The feeling you get while cruising on a motorbike is rivaled by few things in life. If you’re a biker, you know exactly what feeling we’re talking about.
The type of bike you ride certainly has an impact on this – and back in the day, bike lovers had a few favourites.
1. Rajdoot (Yamaha RD 350)
The Yamaha RD 350 is probably the most iconic bike to ever be sold in India. Popularly known as ‘Rajdoot’, the bike came with a 2-stroke engine.
First launched in 1983, Rajdoot immediately became popular. At that time, it was actually the fastest bike on the consumer market.
However, due to the unavailability of spare parts, low fuel economy, and a high selling price, the success of the bike in the market was short-lived and production was discontinued in 1989. Although its period in the market lasted only 6 years, the bike managed to gain a huge fan base during that time. It became a collectible for bike enthusiasts everywhere. In fact, to this day, there exist RD 350 biker groups who frequently get together with their Rajdoots.
2. Yezdi Roadking
During the 60s and 70s, Jawa (later renamed Yezdi) bikes were all the rage. Of all the bikes they ever made, it was the Yezdi Roadking that was the most popular. It featured a 2-stroke 250cc engine with twin exhausts. Which is why, in 1978, it started selling like hot cakes.
The bike was extremely well-received by the public, winning multiple races in the country. Although the production of this bike stopped in 1996 because the entire Jawa/Yezdi operation shut down, those who still have a Yezdi Roadking consider it invaluable.
3. Yamaha RX 100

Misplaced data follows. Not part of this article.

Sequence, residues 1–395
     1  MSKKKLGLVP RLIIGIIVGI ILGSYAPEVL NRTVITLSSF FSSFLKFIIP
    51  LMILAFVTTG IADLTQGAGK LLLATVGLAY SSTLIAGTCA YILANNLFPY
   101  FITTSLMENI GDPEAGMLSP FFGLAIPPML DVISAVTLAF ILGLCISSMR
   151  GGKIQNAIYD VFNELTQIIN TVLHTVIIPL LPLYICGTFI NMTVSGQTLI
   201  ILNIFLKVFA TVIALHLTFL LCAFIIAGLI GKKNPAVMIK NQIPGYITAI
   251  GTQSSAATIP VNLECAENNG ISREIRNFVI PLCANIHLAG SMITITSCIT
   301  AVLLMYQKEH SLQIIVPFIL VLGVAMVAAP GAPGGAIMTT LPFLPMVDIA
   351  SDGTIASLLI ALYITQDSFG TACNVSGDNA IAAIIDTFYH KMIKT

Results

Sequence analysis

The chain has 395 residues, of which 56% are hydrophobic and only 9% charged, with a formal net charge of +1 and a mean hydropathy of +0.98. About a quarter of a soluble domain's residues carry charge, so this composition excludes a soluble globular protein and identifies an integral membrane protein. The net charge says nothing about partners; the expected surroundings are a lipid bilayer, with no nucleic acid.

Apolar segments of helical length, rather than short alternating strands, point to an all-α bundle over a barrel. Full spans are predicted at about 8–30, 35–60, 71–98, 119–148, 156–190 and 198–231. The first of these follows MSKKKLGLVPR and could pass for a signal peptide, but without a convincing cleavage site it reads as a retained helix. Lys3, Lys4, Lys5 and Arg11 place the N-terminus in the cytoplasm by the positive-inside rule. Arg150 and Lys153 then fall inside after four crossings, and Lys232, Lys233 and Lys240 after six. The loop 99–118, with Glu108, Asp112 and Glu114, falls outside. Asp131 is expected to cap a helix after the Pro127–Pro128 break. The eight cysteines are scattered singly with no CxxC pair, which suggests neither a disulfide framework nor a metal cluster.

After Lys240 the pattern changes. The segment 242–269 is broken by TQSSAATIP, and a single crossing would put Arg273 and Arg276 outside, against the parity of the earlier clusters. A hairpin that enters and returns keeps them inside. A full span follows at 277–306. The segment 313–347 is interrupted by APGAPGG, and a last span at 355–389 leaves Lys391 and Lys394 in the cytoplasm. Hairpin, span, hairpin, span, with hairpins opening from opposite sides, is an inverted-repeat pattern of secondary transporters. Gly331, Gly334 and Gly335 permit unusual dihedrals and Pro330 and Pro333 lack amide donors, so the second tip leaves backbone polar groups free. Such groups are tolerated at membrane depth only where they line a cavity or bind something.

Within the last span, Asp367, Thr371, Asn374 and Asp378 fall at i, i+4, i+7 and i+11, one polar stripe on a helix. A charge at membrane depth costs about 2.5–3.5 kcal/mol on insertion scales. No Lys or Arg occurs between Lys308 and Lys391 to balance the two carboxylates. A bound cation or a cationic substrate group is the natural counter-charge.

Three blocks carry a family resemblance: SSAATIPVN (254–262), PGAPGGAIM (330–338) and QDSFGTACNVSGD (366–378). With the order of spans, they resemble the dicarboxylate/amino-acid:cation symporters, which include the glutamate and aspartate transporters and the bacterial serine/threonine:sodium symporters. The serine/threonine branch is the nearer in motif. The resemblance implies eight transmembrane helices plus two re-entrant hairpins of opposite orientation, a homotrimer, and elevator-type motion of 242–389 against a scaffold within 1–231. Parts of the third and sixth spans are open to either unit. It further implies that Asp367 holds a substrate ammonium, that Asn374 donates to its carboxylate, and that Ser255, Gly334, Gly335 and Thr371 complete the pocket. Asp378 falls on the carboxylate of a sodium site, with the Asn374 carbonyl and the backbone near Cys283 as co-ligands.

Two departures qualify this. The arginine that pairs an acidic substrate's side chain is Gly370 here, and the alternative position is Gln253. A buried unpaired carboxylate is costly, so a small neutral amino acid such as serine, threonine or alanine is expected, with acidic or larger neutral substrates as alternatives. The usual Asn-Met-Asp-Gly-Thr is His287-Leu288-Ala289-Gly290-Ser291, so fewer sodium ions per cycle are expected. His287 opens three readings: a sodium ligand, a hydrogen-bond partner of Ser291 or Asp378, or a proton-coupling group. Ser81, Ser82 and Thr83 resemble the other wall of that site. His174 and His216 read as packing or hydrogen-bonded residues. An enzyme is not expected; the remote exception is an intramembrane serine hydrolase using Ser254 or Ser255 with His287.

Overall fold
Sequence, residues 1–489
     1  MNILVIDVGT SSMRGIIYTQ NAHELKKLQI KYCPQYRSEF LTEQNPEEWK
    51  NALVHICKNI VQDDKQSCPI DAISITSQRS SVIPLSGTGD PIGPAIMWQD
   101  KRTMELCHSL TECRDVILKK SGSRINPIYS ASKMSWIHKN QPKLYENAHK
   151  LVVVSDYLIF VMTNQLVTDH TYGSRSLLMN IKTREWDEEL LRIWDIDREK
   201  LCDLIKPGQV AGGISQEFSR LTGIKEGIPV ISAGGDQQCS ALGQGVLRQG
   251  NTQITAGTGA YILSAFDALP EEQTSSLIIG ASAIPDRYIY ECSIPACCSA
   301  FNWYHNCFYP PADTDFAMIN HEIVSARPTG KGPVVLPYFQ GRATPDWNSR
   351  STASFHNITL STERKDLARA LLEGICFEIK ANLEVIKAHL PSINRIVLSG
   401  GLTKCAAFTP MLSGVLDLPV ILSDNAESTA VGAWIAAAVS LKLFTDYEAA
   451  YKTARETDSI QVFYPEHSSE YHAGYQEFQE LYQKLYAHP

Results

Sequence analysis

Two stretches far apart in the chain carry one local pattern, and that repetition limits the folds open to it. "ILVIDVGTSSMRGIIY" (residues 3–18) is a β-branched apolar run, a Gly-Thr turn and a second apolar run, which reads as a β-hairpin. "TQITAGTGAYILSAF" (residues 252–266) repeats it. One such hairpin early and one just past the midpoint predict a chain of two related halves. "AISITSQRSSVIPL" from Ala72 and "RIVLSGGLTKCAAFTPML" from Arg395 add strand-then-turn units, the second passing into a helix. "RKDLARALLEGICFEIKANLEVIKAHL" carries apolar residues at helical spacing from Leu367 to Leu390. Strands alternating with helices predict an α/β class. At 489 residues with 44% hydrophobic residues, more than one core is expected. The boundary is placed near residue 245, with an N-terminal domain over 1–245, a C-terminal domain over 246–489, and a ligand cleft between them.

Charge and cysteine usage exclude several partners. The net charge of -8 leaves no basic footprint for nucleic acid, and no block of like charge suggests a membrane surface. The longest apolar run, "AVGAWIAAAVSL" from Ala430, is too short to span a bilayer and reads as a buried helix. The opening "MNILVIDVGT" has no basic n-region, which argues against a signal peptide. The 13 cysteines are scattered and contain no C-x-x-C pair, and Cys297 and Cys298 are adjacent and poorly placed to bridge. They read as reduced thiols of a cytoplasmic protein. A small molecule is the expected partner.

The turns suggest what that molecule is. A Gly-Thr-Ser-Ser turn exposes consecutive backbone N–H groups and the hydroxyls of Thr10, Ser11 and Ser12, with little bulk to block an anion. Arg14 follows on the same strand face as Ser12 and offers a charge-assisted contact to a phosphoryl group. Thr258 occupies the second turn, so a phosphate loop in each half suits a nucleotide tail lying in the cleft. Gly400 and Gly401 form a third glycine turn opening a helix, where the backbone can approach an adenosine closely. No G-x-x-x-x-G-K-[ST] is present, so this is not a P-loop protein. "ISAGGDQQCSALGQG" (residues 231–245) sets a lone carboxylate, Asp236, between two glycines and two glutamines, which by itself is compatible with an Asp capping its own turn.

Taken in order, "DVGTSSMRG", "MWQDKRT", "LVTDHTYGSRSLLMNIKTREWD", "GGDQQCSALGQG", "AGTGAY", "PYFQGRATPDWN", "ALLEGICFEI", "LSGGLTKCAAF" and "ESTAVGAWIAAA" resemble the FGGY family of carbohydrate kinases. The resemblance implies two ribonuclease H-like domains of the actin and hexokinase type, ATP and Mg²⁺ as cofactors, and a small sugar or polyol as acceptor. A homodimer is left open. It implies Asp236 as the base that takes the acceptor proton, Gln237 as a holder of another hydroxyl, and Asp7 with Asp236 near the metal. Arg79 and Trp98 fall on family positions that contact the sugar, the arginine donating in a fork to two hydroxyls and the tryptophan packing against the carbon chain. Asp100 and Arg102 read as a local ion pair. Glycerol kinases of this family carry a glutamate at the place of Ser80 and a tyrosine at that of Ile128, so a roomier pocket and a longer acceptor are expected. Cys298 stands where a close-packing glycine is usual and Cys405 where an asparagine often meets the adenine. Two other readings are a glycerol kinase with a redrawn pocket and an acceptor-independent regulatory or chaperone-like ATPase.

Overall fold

Go on any Indian road and you’ll find millions of people on the Yamaha RX 100. The bike is often considered as a successor to the RD 350, although it’s slightly smaller and a little less powerful.
A big reason for the popularity of these bikes was the good fuel economy (in comparison to other bikes on the market at the time) and the availability of spare parts. To this day, the RX 100 remains one of the most recognisable 100cc bikes to ever be sold in India.
Back in 1972, when Chetak’s production started, the bike was one of the most affordable means of transportation for Indian families. Lovingly known as ‘Hamara Bajaj’, the initial design was based on a Vespa model. It was then updated to a new design around the 1980s, and the bike just kept growing in popularity.
Unfortunately, due to rising competition from other brands of bikes, Chetak lost its presence in India, and production of the bike was discontinued in 2006. But this just enhances the intense wave of nostalgia you feel when you see one on the road today.
A vintage bike can be the perfect addition to your garage. Go ahead, and grab a beautiful nostalgia-inducing ride. You deserve it.